Coordinated Care Models in Digital Health
The Affordable Care Act opened up the use of new coordinated care models in health, and those in turn are providing opportunities for digital health initiatives to work their way into the medical mainstream. The overall goal is to stress the quality of patient care and the connections between patients and doctors. Use of telehealth technology to manage patients with chronic conditions will also be much more common in a coordinated care model.
05/25/13 5:00 AM PT
Coordinated care models emphasize the basic relationships between patients and doctors, focusing on the continuum of care. The models reward doctors for the outcome of care instead of pure volume.
The two dominant models are the patient-centered medical home (PCMH) and the accountable care organization (ACO).
The patient-centered medical home model has enjoyed broad market interest since 2007. The Patient-Centered Primary Care Collaborative (PCPCC), founded by major primary care service provider associations in the U.S., is the industry group behind the PCMH initiative. It has aggressively promoted the model through pilot programs, and the results have sparked industry-wide attention.
Broadly speaking, the PCMH model is characterized by physician-directed medical practice, with a whole-person orientation in which care is coordinated and integrated across the healthcare system.
Accountable care organizations also pursue a coordinated care model. In a broader sense, this catchall term describes new approaches in which care is coordinated among different providers along the continuum of care. In a narrower definition, it refers specifically to Medicare's ACO program in which care providers must be recognized as one of three Medicare ACOs -- Pioneer ACO, Advanced Payment ACO or Shared Savings ACO.
PCMH is a private sector initiative; CMS (i.e., the Center for Medicare and Medicaid Services) jumpstarted the ACO market. After passage of the Affordable Care Act in 2010, CMS's Medicare program began working with healthcare providers nationwide to set up ACOs.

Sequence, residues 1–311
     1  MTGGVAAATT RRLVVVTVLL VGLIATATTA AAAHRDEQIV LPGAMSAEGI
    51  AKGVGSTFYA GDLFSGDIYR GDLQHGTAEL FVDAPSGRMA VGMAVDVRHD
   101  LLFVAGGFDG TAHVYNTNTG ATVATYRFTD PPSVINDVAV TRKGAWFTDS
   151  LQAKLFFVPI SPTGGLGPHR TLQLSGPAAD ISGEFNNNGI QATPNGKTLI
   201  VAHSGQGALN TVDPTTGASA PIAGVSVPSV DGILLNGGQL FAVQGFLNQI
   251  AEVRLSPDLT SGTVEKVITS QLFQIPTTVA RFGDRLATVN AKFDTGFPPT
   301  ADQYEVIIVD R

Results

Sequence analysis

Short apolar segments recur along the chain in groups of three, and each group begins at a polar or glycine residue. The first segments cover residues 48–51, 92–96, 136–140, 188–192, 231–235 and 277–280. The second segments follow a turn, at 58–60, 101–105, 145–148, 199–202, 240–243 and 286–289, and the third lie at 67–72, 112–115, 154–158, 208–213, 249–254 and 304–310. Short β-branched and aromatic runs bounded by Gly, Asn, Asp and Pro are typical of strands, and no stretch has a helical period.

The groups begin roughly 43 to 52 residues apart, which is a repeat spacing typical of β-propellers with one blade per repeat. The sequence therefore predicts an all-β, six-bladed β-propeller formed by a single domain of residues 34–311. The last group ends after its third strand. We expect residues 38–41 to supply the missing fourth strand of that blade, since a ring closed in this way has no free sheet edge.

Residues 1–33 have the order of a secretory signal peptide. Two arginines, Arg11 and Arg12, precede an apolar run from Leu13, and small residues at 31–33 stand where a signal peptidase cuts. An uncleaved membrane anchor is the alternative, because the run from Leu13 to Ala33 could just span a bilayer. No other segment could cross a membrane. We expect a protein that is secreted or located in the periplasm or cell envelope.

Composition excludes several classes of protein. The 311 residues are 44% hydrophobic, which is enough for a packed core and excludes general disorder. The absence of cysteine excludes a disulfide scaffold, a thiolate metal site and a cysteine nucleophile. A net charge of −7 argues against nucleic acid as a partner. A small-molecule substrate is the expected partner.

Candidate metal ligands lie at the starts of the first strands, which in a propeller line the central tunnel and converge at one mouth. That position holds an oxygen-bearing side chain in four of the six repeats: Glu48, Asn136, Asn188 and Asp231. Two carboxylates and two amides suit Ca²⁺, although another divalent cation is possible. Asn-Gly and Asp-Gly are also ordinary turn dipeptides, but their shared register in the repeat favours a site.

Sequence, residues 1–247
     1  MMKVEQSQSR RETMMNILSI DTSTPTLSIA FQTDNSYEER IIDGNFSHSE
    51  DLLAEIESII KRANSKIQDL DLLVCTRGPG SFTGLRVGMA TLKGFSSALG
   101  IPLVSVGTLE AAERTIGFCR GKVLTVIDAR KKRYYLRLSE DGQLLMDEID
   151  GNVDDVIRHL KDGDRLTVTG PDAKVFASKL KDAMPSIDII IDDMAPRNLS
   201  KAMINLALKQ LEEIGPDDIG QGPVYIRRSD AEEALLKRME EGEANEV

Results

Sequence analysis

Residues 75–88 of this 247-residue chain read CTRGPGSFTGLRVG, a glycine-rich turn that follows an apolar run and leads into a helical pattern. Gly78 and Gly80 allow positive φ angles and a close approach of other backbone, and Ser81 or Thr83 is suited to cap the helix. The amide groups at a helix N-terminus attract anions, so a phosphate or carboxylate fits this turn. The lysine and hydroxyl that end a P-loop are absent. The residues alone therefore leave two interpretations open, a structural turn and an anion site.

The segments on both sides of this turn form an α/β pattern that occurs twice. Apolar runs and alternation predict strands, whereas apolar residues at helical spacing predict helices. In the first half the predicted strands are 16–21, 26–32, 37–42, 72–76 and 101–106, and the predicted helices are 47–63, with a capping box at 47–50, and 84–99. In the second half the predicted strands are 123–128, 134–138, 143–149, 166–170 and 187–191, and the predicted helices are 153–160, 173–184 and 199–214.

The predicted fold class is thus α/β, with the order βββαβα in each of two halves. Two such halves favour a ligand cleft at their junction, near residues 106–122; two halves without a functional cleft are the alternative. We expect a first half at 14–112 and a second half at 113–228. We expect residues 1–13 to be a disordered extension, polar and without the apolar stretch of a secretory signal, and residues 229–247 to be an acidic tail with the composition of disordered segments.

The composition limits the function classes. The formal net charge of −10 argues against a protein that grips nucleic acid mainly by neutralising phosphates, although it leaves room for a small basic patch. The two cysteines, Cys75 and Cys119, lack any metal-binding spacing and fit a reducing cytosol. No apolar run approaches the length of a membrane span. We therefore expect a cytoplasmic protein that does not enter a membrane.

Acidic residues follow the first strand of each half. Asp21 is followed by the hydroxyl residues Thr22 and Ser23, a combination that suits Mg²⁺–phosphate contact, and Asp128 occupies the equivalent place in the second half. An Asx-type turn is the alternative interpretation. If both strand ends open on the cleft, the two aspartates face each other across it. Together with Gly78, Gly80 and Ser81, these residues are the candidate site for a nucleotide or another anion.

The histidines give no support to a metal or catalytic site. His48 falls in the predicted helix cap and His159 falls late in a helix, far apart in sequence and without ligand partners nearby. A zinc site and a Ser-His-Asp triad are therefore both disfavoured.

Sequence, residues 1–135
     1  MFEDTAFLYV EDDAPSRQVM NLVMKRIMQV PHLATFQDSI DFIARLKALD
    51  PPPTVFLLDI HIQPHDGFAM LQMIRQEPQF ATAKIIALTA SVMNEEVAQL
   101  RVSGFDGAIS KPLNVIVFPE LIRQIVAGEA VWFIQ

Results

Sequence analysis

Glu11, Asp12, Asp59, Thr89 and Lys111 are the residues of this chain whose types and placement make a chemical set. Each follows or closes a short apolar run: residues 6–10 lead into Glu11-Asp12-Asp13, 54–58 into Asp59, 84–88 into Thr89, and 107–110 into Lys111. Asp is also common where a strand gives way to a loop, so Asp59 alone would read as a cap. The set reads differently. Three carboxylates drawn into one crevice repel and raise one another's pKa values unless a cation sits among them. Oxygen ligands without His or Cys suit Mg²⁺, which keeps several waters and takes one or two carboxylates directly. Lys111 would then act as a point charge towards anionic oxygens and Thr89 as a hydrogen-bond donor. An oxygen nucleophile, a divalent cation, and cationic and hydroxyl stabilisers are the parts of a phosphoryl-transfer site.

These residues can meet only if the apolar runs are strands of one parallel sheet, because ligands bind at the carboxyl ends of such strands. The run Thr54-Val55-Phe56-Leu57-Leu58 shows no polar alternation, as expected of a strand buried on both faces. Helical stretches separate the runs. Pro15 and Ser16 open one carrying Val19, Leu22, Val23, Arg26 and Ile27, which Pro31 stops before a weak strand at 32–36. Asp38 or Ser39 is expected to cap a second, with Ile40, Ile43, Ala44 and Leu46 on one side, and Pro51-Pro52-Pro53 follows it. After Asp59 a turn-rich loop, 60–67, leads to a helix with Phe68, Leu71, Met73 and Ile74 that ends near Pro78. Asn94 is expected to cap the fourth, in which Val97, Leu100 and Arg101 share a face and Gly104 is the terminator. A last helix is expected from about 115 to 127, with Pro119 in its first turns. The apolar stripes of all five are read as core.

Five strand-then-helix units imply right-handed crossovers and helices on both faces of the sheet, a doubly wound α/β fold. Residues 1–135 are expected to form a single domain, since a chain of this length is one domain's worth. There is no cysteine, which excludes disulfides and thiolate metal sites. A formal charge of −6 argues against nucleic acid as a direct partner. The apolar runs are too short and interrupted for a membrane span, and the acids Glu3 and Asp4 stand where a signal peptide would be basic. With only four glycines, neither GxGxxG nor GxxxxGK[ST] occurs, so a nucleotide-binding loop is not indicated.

The U.S. Supreme Court's favorable ruling on ACA in June 2012 and President Obama's successful reelection later that year have removed the legal and political obstacles to ACOs, prompting an industry rush to form ACO practices.
Qualities of PCMHs and ACOs
PCMH and Medicare ACO share many common attributes, especially on their payment model structures. Both models will also benefit from care providers' investment in EMR technology and general IT innovations such as cloud services, mobile computing, and data analytics.
The PCPCC actually calls PCMH "foundational to ACOs," a description with which Parks Associates agrees.
Growth Drivers of Coordinated Care Models
According to PCPCC's tally, there were more than 70 PCMH pilot programs up and running at the end of 2012.
A search in NCQA's directory for accredited PCMH practices turns up more than 6,500 qualified physician practices or clinicians nationwide. Given that the first set of NCQA's PCMH standards was launched in 2008, the speed of acceptance of PCMH by physicians is impressive.
Factors contributing to its fast adoption:
- The passage of ACA and Medicare's ACO initiatives have had a "halo" effect on PCMH awareness and perception. As the entire healthcare industry is building various flavors of coordinated care models, more physicians and their practices understand the PCMH concept and embrace its principles.